Even in the hands of a beneficent writer, characters lying about their conduct to turn a dime never turn out well. And even when authors instill their characters with the most altruistic intentions (see Gone Baby Gone ), the power of falsehood inevitably eats away at the original intent and causes great harm. Decisions made to cover up or recover from the original sin eventually overshadow the entire endeavor.
The reality of the Pipeline Trading Systems situation is less dramatic but no less disheartening. It's hard to see how a company can bounce back from this. Yes, the company has been de-emphasizing its dark pool business for quite a while, but how will its clients react to this news? A lot of buy side head traders are going to have to answer to their boards and explain the due diligence they conducted and what they could have done to avoid being misled.
It's not just bad news for the company and its employees and clients. It's bad for everyone. An industry that has lost a good deal of the public's trust now has yet one more reason not to trust its own. Other dark pool operators are going to have to disclose a lot more (publicly or privately) about the type of activity in their pool and the firm's relationship with those entities. I expect the Securities and Exchange Commission to revive its dark pool reporting proposal shortly.
To be sure, there is nothing wrong with seeding liquidity on a new trading platform with proprietary capital. Much of the liquidity at the most active dark pools are from the parent company's proprietary trading group. When I was at Datek Online we established a prop desk for the sole reason of fulfilling our 60-second guarantee of a fill on a marketable order (I know, it sounds ridiculous now). We never made much in trading profits but it was almost always cheaper to get in and out of a position than to pass up the $9.99 commission. But we weren't promising people unconflicted agency executions. (Datek had its own legal issues, but that's another story).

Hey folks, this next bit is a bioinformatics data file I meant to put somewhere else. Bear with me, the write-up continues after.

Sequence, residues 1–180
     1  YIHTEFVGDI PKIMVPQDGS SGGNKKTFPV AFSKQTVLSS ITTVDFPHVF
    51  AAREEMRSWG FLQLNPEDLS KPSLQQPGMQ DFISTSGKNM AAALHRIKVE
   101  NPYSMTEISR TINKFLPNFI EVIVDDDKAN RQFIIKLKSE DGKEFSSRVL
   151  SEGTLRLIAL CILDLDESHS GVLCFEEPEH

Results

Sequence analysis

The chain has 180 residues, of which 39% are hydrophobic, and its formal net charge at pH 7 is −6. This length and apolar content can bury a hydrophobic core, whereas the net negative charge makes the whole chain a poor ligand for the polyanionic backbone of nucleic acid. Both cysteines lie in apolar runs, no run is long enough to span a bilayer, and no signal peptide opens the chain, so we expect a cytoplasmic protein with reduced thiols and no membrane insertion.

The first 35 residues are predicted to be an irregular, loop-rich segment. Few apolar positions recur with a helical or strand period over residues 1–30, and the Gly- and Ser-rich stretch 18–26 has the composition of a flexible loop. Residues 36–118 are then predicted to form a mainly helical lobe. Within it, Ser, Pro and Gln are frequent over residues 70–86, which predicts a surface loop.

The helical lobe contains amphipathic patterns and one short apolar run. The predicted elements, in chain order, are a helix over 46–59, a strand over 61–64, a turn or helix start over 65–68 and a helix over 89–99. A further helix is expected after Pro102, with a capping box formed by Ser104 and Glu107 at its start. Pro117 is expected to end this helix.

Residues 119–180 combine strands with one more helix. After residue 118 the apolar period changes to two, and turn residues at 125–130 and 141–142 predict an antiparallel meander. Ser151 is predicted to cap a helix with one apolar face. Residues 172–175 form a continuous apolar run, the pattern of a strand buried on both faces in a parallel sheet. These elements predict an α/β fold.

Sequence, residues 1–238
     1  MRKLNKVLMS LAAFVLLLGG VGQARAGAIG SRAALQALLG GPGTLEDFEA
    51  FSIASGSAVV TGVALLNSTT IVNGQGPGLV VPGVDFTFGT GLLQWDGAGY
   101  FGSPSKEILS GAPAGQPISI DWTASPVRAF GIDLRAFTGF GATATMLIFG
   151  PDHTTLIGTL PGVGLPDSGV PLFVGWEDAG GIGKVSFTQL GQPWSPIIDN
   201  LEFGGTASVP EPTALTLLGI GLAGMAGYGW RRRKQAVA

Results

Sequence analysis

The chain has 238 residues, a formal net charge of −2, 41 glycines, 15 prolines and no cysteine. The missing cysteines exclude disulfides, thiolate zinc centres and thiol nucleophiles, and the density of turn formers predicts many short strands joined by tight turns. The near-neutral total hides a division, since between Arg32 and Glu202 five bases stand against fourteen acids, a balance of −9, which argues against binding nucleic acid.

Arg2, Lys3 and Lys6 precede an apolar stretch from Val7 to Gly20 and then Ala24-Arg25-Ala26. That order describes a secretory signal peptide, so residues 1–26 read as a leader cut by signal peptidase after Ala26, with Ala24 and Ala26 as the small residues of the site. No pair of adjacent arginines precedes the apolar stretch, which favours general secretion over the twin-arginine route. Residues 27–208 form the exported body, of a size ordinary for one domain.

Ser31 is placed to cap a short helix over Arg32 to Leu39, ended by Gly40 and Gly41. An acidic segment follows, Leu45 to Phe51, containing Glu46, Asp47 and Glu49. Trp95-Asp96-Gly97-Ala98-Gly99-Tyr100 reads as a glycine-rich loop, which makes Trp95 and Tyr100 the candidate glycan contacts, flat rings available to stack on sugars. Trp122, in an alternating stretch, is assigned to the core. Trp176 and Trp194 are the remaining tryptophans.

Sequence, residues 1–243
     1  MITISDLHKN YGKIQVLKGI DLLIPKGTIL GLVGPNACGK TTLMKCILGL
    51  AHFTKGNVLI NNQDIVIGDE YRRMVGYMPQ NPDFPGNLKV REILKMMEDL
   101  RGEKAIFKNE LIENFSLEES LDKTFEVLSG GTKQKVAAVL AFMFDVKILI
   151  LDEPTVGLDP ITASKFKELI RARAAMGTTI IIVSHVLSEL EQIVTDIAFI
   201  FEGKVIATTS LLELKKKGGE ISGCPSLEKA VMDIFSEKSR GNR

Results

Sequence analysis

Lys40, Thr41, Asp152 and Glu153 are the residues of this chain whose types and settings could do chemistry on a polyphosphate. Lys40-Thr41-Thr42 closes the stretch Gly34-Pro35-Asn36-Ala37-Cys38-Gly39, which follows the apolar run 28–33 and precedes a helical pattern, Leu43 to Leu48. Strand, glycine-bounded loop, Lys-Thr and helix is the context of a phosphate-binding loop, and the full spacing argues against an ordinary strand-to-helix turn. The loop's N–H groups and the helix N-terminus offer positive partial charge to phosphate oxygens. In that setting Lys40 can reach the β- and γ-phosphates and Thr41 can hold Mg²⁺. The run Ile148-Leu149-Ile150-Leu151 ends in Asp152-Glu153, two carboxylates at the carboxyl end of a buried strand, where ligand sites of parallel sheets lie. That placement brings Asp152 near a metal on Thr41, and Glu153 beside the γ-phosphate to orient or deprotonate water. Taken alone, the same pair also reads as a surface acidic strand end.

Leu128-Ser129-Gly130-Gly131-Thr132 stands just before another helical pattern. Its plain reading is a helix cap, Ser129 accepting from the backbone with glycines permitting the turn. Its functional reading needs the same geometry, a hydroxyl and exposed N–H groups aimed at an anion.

I could also see how lawyers might argue that the relationship between the proprietary trading desk and the dark pool is no different than the types of structures at larger investment banks. But clearly, the SEC felt a very serious line had been crossed in terms of the way the business was marketed and how it was operated. (The affiliate was not disclosed as part of the dark pool's operation on Form ATS).
One of the underlying issues in this scenario is the tension between anonymity (arm's length transactions) and trust (partnerships). In a market structure designed to bring all of its participants together to facilitate price discovery, anonymity becomes a defining feature. However, it is too easy to abuse anonymity; it becomes an excuse to avoid disclosure.
Ask a trading platform that you trade with and they say their refusal to reveal that information is proof that you can trust them not to reveal your trades. And yet, if your entire reason for trading on the platform is based on a fabrication that only disclosure can reveal, maybe it's time to rethink our addiction to anonymity.
Skepticism is healthy, but the word itself was a call for empirical evidence to understand our surrounding world. We need more mechanisms (or a mechanism) where information can be shared and the parties held accountable for how they interact with that information. As a starter, dark pool operators should make their Form ATS available to the public.
Adam Sussman is a partner and director of research at Tabb Group. For additional commentary on the capital markets, visit Tabb Forum.